them with close attention; and that, when the That people who live by personal slander general effect of a piece has pleased him, or should practise these arts is not surprising. displeased him, he has never troubled himself Those who stoop to write calumnious books to ascertain why. When, therefore, people may well stoop to puff them ;—and that the whom he thinks more competent to judge than basest of all trades should be carried on in the himself, and of whose sincerity he entertains basest of all manners, is quite proper, and as no doubt, assure him that a particular work is it should be. But how any man, who has the exquisitely beautiful, he takes it for granted least self-respect, the least regard for his own that they must be in the right. He returns to personal dignity, can condescend to persecute the examination, resolved to find or imagine the public with this rag-fair importunity, we beauties; and if he can work himself up into do not understand. Extreme poverty may, something like admiration, he exults in his indeed, in some degree, be an excuse for em- own proficiency. ploying these shifts, as it may be an excuse Just such is the manner in which nine for stealing a leg of mutton. But we really readers out of ten judge of a book. They are think that a man of spirit and delicacy would ashamed to dislike what men, who speak as quite as soon satisfy his wants in the one way having authority, declare to be good. At pre as in the other.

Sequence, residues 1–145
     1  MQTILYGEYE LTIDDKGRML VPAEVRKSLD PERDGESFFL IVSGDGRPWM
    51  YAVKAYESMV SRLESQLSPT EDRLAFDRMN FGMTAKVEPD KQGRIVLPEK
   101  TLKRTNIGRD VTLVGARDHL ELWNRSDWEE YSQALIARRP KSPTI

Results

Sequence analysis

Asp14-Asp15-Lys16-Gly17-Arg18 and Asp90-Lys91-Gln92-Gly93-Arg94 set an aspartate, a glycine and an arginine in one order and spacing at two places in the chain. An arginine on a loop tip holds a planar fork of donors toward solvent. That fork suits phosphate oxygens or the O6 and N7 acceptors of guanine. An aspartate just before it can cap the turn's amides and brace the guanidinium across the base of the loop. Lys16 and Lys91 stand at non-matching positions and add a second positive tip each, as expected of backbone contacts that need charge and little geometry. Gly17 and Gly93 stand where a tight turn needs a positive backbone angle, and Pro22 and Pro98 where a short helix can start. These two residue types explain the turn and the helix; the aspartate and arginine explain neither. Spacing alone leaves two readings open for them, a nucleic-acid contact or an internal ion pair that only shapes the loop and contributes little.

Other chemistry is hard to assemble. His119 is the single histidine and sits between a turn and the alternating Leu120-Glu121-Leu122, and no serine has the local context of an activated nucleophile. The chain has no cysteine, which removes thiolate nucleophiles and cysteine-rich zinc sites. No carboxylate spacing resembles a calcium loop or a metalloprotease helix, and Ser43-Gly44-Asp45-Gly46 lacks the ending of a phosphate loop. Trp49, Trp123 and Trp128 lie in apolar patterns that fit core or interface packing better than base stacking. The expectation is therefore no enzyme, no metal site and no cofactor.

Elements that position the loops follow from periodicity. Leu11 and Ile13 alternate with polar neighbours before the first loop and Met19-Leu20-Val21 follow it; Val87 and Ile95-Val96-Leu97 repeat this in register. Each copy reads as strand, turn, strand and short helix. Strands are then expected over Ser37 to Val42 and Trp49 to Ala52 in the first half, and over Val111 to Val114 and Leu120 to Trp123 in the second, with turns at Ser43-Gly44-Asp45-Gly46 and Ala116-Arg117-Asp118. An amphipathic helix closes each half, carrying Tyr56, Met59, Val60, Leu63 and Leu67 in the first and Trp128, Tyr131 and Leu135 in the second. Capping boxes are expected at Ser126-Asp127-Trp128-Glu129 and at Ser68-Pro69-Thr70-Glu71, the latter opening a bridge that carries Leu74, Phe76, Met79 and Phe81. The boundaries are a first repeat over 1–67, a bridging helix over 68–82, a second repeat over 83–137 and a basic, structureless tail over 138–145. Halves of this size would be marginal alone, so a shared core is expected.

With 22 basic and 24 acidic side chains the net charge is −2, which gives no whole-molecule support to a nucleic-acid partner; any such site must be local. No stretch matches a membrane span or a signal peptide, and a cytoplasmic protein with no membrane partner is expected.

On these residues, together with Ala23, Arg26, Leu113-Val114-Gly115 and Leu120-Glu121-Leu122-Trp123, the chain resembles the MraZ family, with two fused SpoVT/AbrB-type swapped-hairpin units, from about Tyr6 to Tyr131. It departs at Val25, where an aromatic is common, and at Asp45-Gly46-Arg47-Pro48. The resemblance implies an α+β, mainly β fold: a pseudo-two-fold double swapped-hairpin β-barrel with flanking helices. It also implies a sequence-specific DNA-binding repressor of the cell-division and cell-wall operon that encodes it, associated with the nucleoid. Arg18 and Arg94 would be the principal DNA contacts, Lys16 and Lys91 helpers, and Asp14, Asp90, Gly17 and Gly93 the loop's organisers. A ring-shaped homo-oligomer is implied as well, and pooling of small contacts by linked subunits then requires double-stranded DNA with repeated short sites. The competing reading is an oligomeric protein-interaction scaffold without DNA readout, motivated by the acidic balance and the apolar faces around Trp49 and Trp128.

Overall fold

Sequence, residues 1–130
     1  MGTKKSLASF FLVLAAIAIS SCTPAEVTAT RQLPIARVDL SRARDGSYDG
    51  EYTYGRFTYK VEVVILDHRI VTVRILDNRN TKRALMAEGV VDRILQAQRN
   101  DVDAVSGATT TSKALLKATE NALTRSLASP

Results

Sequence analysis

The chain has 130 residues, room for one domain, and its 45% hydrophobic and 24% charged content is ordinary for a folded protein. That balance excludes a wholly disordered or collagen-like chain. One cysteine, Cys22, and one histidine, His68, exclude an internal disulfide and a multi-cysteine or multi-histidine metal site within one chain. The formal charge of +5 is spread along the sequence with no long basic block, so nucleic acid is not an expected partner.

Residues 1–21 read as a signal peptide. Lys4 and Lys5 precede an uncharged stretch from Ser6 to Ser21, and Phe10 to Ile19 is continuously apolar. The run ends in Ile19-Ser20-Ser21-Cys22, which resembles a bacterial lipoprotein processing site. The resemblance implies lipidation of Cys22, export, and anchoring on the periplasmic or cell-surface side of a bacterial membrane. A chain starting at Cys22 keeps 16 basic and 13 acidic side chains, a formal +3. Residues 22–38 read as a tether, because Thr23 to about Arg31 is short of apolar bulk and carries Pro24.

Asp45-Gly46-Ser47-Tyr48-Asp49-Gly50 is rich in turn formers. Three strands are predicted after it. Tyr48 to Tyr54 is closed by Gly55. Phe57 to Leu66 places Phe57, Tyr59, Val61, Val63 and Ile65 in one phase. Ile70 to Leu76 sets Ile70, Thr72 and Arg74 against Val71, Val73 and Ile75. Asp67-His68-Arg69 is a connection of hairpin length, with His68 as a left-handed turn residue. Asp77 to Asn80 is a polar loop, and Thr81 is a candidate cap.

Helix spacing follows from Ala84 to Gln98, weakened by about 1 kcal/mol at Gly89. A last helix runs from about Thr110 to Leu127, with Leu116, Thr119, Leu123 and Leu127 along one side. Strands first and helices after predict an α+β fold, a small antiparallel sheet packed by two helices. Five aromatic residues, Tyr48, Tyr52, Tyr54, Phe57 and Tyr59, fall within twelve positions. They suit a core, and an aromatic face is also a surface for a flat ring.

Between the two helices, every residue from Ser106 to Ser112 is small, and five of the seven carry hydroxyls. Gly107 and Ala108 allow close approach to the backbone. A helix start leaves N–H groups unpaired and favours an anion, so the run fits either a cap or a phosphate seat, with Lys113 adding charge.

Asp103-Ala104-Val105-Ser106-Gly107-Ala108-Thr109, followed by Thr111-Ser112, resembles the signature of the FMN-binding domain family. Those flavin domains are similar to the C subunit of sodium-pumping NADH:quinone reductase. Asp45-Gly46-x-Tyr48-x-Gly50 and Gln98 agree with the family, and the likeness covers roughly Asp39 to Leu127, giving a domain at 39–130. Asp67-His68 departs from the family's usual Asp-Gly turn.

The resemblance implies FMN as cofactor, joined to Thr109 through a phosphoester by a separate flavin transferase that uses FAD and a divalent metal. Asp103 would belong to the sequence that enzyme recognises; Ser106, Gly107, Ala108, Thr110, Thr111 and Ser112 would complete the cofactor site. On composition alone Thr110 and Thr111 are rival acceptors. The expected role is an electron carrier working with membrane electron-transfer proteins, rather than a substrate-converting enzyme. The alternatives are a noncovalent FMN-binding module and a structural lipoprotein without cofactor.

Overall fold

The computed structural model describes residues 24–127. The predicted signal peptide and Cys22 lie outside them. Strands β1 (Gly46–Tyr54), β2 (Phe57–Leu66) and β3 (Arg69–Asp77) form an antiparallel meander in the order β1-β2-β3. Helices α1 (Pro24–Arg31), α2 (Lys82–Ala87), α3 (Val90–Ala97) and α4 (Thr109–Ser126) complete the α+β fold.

sent, however contemplible a poem or a novel It is no excuse for an author, that the praises may be, there is not the least difficulty in proof journalists are procured by the money or in- curing favourable notices of it from all sorts fluence of the publisher, and not by his own. of publications, daily, weekly, and monthly. It is his business to take such precautions as In the mean time, little or nothing is said on may prevent others from doing what must de- the other side. The author and the publisher grade them. It is for his honour as a gentle are interested in crying up the book. Nobody man, and, if he is really a man of talents, it has any very strong interest in crying it down. will eventually be for his honour and interest | Those who are best fitted to guide the public as a writer, that his works should come before opinion, think it beneath them to expose mere the public, recommended by their own merits nonsense, and comfort themselves by reflecting alone, and should be discussed with perfect that such popularity cannot last.